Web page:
On March 14, Lane waited for Fralick to arrive, but Fralick never contacted him or showed up.[3] Fralick contacted Lane on Monday morning (March 16). Lane told Fralick that he was not working that day but would be working Tuesday March 17 and could meet with Fralick then. Fralick advised Lane that he could not come in until after the St. Patrick's Day parade because he was riding on a float. Lane told Clay Baxter, his supervisor, that Fralick was a no call/no show on March 14 and had scheduled a meeting with him on March 17.

         Fralick was suspected to have been involved in spreading a rumor about Biaggi's bartender Amanda Asslup-Morrow (“Morrow”) and Shinall being involved in a sexual relationship. Both Morrow and Shinall were upset about the rumor, and Morrow approached Lane about it. Baxter and Biaggi's Human Resources Director, David Morris, instructed Lane to investigate. Lane testified that, prior to meeting with Fralick on March 17, 2015, he did not know if he was going to terminate Fralick's employment, but he “had a strong suspicion that Plaintiff was heavily involved in the rumors . . . . [And, ] was worried about him and his pattern of . . . poor behavior and choices.” Lane Dep. 77:1-3, 78:6-9. Fralick denies spreading the Morrow/Shinall rumor.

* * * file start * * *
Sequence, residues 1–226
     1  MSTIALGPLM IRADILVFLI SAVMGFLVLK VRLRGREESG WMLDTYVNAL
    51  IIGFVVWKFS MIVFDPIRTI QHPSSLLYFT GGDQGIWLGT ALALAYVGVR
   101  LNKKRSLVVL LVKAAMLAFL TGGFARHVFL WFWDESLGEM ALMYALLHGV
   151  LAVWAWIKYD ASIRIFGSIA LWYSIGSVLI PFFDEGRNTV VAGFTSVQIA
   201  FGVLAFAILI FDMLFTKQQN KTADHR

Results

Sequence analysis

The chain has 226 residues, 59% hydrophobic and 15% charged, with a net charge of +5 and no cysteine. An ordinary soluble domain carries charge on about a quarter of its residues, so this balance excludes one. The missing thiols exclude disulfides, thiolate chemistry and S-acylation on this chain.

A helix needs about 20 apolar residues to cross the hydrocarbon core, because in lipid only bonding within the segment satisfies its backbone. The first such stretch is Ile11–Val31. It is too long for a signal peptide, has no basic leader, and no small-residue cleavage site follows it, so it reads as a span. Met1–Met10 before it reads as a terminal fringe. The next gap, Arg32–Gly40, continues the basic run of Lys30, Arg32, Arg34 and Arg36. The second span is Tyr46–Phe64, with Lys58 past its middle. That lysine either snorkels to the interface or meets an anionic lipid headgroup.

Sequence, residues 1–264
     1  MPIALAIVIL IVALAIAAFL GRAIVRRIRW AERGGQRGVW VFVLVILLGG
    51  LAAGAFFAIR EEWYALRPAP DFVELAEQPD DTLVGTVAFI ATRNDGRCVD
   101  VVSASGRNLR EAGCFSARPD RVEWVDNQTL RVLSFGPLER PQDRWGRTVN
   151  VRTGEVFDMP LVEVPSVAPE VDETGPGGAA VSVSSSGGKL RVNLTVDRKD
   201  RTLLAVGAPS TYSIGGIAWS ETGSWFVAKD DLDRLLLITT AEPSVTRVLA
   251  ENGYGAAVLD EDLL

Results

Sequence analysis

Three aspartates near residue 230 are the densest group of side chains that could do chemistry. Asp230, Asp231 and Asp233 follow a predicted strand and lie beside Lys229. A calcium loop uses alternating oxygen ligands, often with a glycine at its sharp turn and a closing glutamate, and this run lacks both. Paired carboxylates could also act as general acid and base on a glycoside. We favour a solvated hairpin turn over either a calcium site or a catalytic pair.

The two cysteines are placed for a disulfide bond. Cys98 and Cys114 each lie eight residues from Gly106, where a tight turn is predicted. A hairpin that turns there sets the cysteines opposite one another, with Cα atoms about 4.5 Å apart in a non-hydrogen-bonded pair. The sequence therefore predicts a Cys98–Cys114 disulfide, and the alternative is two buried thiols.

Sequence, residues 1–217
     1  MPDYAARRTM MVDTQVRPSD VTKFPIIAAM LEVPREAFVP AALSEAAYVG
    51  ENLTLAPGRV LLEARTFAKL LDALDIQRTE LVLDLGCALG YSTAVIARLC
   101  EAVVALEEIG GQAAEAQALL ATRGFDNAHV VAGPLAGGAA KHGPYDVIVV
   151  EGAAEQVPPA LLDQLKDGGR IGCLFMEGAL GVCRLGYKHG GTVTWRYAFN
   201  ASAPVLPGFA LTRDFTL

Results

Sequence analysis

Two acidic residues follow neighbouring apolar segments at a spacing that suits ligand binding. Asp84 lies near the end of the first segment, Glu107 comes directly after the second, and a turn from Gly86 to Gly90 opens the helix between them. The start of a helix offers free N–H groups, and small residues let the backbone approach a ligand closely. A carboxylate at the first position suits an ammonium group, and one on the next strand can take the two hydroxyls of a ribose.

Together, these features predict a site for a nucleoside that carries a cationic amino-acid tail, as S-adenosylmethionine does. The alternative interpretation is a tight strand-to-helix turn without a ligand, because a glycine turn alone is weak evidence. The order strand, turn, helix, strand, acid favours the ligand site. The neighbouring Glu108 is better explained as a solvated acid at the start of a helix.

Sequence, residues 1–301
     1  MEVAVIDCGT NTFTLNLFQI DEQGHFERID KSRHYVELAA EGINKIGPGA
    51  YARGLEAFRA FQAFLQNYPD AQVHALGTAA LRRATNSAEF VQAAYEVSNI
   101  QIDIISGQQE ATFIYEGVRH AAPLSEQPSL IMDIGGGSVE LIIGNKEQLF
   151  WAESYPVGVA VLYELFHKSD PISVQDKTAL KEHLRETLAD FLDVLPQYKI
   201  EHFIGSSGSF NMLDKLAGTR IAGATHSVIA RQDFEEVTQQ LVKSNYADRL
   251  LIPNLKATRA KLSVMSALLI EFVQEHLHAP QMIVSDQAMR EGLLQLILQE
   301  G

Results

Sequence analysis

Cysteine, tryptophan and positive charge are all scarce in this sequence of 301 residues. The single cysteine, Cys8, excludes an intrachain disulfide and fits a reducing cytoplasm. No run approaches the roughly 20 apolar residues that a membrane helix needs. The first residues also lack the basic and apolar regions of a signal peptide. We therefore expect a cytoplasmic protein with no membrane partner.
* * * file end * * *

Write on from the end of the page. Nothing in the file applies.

When Fralick arrived at Biaggi's on March 17, Lane spoke with Fralick alone. Lane first asked Fralick how he was doing to make sure he was doing okay. Fralick told Lane he was okay and ready to get back to work. Lane asked about Fralick's hospitalization. The parties dispute exactly what transpired during the first part of the March 17 meeting. Lane contends that he asked Fralick what happened, to which Fralick responded that “he took a pocket full of drugs and ended up in the hospital.” Lane Dep. 105:2-4, 160:22-23. Fralick provides a very different account. Fralick contends that Lane was asking him how he was “after what had happened” and that Lane said “if you ever need a place, you know, everyone here loves you, you can crash on my couch if you want to, ” and that Fralick was “family to everybody” at Biaggis. Fralick Dep. #2 77:22-78:6. Fralick contends that he and Lane discussed Fralick's well-being for a long part of the meeting. Id. at 78:6-7.